(E) Please donate to support the worldwide earthquake rescue efforts in Haiti. The human suffering from the January 12, 7.0 earthquake is beyond what we have ever seen! More than three million people have been affected. Present estimates are that 100,000 people have already died. And to make things even worse, Haiti has experienced in its past some of the most powerful hurricanes on earth. Discovered by Christopher Colombus in 1492, Haiti which was the “Perle des Antilles”, because of its sugar, coffee and tobacco plantations, became the poorest country in the Western Hemisphere in the 20th century and an ecological disaster with no water and food on the island. Haiti is a country with no roads, schools, hospitals, health care and with no other vital infrastructure.
So please donate to:
(You can Text Message “HAITI” to 90999 and make a $10 donation to support the American Red Cross in Haiti)
- President Bush & Clinton Haiti Fund
- Any other legitimate organization involved in the earthquake rescue efforts
Detailed information about the organizations involved in the relief efforts
- Haiti : a qui donner ? from Le Monde
- The Huffington Post – Haiti Earthquake Relief: How You Can Help
To find a missing One in Haiti, Family & Friends
- Earthquake Haiti on Facebook, to help family members and friends from and out of Haiti to connect and share information about the earthquake
- Le Nouvelliste Haiti on Facebook from Le Nouvelliste
- The Missing in Haiti from the New York Times
Some other valuable resources
- Le Nouvelliste en Haiti
- France’s Ministere des Affaires Etrangeres et Europeennes
- White House’s Haiti Earthquake Relief
- United Nations: News Focus Haiti Earthquake
A brief description of Haiti (adapted from Wikipedia:Haiti)
Haiti is a Creole and French-speaking Caribbean country. Along with the Dominican Republic, it occupies the island of Hispaniola. Haiti is a republic with a population of 8.71 million. Its capital is Port-au-Prince. Despite having common cultural links with its Hispano-Caribbean neighbors, Haiti is the only predominantly Francophone independent nation in the Americas.
Haiti’s regional, historical and ethnolinguistic position is unique for several reasons. It was the first independent nation in Latin America, the first post-colonial independent black-led nation in the world, and the only nation whose independence was gained as part of a successful slave rebellion.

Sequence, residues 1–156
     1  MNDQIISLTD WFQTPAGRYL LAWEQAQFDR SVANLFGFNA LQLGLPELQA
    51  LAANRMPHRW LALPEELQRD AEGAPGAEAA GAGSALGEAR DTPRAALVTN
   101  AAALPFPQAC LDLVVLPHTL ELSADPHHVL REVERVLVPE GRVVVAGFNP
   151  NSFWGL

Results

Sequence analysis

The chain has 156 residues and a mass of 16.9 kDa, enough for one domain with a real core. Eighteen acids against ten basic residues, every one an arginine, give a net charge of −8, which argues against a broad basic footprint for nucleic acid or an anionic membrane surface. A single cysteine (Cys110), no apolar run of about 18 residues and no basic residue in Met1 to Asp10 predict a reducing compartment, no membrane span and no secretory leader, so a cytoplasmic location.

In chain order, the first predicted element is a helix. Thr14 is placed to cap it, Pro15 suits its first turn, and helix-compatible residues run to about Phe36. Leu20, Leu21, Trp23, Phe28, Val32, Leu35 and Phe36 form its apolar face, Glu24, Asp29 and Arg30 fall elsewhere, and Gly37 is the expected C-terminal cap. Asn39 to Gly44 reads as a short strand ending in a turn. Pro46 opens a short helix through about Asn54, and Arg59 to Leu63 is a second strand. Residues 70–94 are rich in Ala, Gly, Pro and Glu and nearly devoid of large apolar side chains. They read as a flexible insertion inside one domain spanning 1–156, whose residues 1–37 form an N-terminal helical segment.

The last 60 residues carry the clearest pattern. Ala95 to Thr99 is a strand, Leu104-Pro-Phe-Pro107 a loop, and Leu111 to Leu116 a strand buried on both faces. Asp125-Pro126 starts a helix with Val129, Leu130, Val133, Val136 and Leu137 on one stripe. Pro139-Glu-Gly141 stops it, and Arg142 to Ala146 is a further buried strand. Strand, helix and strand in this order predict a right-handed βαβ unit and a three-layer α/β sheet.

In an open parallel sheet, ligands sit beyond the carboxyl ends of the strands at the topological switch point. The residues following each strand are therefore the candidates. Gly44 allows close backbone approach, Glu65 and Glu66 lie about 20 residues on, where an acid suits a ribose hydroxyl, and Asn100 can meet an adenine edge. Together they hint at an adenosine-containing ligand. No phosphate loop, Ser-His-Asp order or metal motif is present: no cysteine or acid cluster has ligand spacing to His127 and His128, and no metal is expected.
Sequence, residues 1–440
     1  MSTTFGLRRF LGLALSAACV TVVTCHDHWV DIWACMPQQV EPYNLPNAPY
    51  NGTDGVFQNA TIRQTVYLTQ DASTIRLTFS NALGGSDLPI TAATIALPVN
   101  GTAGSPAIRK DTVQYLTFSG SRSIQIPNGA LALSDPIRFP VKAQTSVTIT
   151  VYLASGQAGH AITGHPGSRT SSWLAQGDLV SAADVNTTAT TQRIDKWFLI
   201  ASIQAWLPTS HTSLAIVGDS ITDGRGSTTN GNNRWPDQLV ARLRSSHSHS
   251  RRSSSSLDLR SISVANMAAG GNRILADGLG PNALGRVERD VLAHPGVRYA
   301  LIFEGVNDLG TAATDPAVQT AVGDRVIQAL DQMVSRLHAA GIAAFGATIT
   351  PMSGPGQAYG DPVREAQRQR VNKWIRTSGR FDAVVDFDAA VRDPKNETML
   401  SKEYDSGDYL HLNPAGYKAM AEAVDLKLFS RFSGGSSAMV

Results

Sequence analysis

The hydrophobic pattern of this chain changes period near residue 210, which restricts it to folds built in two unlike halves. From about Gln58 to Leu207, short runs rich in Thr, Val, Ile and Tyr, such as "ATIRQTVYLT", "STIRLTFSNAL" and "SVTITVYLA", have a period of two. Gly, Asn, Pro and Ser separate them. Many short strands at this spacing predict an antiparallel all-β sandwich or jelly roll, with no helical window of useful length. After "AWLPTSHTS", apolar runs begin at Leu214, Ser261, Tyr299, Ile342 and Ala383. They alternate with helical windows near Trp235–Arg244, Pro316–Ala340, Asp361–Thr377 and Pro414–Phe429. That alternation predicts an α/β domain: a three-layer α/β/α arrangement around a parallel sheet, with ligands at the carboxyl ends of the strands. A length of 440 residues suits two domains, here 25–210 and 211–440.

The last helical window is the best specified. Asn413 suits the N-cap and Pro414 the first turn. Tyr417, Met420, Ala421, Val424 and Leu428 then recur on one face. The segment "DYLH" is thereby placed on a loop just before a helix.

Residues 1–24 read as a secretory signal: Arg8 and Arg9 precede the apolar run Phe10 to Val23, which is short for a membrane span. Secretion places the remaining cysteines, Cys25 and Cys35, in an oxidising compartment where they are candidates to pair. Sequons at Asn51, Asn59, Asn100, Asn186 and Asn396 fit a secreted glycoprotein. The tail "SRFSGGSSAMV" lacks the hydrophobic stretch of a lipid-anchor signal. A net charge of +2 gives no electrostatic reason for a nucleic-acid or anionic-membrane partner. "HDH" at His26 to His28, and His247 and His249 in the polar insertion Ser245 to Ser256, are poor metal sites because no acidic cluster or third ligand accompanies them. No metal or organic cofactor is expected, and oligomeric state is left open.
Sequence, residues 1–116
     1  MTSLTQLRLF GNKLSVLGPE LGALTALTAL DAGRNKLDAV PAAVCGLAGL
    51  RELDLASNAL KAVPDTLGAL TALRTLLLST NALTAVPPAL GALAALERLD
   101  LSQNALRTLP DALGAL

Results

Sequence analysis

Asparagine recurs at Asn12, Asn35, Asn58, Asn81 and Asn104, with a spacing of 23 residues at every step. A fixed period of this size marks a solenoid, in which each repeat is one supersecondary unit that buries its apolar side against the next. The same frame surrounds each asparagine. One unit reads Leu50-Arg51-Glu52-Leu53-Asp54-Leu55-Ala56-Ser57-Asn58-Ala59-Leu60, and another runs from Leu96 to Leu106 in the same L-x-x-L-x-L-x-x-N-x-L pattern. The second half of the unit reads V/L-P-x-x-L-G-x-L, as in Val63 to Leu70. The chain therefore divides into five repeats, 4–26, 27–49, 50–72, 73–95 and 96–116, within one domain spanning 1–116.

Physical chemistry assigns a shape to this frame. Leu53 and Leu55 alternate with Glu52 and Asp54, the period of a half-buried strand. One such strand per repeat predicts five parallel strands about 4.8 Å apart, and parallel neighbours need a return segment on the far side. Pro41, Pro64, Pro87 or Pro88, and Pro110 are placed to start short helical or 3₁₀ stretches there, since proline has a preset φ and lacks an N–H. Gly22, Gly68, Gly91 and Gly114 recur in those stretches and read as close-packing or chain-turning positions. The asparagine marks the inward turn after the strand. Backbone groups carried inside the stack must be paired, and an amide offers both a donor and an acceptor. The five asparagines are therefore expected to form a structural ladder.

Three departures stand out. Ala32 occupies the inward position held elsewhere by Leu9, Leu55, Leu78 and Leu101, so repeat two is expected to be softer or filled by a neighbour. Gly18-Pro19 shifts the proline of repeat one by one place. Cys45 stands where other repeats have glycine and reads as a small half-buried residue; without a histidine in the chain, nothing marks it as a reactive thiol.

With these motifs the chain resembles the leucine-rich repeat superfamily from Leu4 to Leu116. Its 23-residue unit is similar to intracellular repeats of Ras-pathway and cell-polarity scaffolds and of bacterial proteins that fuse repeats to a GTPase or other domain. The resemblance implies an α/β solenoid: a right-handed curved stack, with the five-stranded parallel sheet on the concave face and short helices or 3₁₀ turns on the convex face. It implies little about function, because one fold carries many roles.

A brief history of Haiti
Christopher Columbus discovered Haiti in 1492 leading the exploitation of the island by Spain for its limited gold. Many French settlers from Martinique, Guadeloupe and Bordeaux developed sugar, coffee and tobacco plantations making the island the “Perle des Antilles” and bringing with them thousands of Africans as slaves. The country became a French colony but a revolution from the slaves against Napoleon won making the country independent in 1804.
Following its independence, Haiti has never known any political stability with many interferences from foreign governments in particular France and the United-States. The US occupied the island from 1915 to 1934. From 1957 to 1986, the Duvalier family reigned as dictators leading many Haitians to exile in the United States and in Quebec. From the 1970s to 80s, the United States provided military and economic aid to the regime. Fortunately, the Duvalier left the island in 1986 and a new constitution was approved. Since then, the country has never known any positive political leadership, grew into severe economic poverty and became an ecological disaster due to deforestation.
A few books about Haiti
- Haïti n’existe pas : 1804-2004 : deux cents ans de solitude, Christophe Warngny, Broche
- Haiti, la perle perdue, Gerard Barthelemy – Mimi Barthelemy, Broche
- Nouvelles d’Haiti, Kettly Mars – Jean-Claude Fignolé – Lyonel Trouillot – Faubert Bolivar – Gary Victor, Magellan et Cie
Note: The first painting is the General Toussaint Louverture who led the Afro-Haitians in their fights against Napoleon. The second painting is “Le Serment des Ancetres” from Guillaume Guillon-Lethiere, a painter from Guadeloupe. It symbolizes a historical meeting between Alexandre Petion, leader of Saint-Domingue, and Jacques Dessalines, a lieutenant from Toussaint that led the Haitian revolution. That painting was displayed at Le Palais National of Haiti destroyed in the earthquake.
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